Genotoxicity Biocompatibility Tests

Genotoxicity Biocompatibility Tests

Genotoxicity means toxic (damaging) to DNA. Genotoxic substances can bind directly to DNA or indirectly cause DNA damage by affecting the enzymes involved in DNA replication, causing mutations that may or may not cause cancer or birth defects (hereditary damage).

Genotoxicity Biocompatibility Tests

Genotoxins are agents that cause mutations by interacting with DNA, damage its structure and cause cancer. They act by changing the chromosomal structure through insertion, deletion, duplication, ring formation and similar ways. Mutations can lead to a wide variety of diseases, from cancer. It is very important to carry out genotoxicity studies to avoid the possible harm that this may cause. Genotoxicity tests are done to determine whether a drug or other substance has the potential to cause mutation and genotoxicity. In this way, possible hazards are determined while the drug is being developed. Identification of genotoxic agents helps to understand the mechanism of mutation and genotoxicity and thus paves the way for better prevention of such mutation and genotoxicity frequency.

The most commonly applied methods for detecting genotoxicity include bacterial Ames testing, DNA strand break measurements in cells (e.g., comet test, alkaline resolution and hydroxyapatite chromatography, alkaline elution), and cytogenetic tests (micronucleus and chromosomal aberration tests, including the use of fluorescence). These tests are both affordable and have high statistical power, are reproducible, and have the ability to detect a wide variety of genotoxic endpoints.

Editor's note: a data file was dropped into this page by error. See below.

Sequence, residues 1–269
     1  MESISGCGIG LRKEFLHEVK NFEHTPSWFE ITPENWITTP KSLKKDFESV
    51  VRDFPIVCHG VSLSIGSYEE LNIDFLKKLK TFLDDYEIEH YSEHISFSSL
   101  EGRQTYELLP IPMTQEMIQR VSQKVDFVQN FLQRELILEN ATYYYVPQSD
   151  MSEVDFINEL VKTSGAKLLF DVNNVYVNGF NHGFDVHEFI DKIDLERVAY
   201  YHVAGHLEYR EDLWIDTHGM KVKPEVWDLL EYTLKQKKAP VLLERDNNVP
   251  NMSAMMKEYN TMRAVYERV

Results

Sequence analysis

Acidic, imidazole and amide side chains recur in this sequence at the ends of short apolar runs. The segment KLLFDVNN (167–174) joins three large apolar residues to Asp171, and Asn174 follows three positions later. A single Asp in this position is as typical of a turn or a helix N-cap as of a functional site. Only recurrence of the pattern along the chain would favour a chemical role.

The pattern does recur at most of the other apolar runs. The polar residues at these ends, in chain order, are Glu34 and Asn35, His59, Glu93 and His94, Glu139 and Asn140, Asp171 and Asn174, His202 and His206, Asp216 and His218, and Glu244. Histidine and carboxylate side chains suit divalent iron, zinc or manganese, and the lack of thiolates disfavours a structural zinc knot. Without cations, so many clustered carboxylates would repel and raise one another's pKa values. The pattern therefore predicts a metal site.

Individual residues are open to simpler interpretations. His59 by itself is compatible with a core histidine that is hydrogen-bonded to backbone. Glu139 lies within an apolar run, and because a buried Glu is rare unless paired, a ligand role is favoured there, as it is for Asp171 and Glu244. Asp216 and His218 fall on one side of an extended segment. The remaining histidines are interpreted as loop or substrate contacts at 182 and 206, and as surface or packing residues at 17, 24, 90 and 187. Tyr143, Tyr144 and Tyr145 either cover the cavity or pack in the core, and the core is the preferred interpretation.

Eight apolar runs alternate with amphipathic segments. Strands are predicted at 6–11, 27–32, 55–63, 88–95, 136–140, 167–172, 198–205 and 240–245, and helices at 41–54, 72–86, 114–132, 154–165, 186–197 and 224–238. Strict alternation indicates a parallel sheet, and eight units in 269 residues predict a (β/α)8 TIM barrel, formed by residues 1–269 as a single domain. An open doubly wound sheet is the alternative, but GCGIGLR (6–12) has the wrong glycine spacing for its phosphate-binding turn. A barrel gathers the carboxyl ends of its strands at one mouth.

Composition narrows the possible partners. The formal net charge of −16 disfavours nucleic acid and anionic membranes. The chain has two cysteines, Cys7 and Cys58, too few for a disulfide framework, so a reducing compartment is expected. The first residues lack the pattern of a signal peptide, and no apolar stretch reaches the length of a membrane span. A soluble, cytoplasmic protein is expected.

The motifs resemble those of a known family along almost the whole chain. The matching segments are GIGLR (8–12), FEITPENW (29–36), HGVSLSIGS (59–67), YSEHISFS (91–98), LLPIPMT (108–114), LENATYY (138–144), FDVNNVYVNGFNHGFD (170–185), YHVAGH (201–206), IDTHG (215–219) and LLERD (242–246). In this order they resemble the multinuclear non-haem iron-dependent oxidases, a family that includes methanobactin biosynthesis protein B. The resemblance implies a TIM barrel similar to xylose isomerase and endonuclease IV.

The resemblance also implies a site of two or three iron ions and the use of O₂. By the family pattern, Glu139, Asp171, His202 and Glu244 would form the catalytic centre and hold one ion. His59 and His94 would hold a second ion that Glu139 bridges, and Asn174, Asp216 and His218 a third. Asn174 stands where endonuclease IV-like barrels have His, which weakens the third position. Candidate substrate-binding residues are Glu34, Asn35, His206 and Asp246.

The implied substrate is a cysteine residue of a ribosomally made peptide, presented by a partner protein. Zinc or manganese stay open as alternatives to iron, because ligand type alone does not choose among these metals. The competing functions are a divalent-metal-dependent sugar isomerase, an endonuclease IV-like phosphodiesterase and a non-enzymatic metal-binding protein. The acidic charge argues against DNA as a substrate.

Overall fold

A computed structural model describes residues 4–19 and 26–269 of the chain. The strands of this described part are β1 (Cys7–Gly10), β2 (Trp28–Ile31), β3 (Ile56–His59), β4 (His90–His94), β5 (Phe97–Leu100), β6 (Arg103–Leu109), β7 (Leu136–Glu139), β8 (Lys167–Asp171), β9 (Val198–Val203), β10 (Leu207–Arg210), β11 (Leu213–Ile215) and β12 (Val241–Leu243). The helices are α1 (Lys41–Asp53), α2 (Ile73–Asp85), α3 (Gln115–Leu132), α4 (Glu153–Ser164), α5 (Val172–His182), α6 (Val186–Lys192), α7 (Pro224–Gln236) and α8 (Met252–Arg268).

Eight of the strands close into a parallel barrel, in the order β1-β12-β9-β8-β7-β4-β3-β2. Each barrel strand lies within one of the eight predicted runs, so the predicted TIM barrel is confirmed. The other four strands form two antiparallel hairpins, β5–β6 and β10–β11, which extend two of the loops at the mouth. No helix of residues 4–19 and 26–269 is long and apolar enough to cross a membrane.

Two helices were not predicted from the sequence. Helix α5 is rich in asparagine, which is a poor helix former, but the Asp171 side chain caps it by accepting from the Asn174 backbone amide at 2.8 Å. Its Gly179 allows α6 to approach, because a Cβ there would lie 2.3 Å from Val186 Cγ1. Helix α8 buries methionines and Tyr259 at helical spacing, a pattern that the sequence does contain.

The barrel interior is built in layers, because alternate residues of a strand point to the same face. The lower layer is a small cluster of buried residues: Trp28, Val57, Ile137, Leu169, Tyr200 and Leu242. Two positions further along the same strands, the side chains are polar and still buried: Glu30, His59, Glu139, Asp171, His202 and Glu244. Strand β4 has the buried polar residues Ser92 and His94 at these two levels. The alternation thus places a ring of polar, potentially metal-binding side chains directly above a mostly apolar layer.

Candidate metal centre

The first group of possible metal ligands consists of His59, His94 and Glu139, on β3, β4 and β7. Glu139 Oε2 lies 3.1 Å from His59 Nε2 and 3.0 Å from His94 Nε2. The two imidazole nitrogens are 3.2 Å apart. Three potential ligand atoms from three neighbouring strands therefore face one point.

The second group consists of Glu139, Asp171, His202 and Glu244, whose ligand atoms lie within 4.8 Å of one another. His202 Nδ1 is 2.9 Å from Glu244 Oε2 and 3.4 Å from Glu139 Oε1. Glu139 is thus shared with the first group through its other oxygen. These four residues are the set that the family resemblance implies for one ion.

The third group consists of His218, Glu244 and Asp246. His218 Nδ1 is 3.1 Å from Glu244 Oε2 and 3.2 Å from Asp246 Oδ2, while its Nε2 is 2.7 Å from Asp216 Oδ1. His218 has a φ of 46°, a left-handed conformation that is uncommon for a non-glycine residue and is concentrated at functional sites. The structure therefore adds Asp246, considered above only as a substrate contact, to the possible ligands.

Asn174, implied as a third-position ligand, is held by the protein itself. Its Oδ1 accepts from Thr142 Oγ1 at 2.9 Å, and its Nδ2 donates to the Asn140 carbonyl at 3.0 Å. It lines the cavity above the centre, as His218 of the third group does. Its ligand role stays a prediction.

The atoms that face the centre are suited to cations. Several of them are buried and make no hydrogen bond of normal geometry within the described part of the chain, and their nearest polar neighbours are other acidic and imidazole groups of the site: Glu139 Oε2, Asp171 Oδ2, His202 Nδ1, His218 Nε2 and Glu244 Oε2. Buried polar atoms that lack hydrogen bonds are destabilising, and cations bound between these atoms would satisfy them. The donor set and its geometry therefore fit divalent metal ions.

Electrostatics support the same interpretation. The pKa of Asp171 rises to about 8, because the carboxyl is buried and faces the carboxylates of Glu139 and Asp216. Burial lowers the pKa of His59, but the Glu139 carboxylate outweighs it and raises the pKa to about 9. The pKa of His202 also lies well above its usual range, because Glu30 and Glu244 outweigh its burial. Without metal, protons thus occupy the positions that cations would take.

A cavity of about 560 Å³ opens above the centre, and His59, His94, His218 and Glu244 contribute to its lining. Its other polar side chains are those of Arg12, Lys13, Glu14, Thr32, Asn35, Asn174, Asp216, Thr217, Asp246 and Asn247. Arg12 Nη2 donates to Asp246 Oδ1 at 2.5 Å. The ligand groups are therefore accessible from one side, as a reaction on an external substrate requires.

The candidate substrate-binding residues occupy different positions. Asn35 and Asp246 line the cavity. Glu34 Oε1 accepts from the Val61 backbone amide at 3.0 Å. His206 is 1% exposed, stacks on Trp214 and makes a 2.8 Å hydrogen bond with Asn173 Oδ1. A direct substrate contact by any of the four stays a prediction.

Genotoxic carcinogens are chemicals that show carcinogenicity through the induction of mutations. Due to its DNA interaction properties, there is no safe exposure threshold or dose. Genotoxic carcinogens can pose a cancer risk to humans even at very low doses. In contrast, non-genotoxic carcinogens that induce cancer through mechanisms other than mutations such as hormonal effects, cytotoxicity, cell proliferation or epigenetic changes have a safe threshold of exposure.

Genotoxicity tests are an important method to distinguish between two classes of carcinogens. However, some carcinogens have negative results in in vitro bacterial mutation tests, but positive results in in vivo transgenic rodent gene mutation assays.

Our organization also provides genotoxicity testing services with its trained and expert staff and advanced technological equipment, among the numerous test, measurement, analysis and evaluation studies it provides for businesses in various sectors.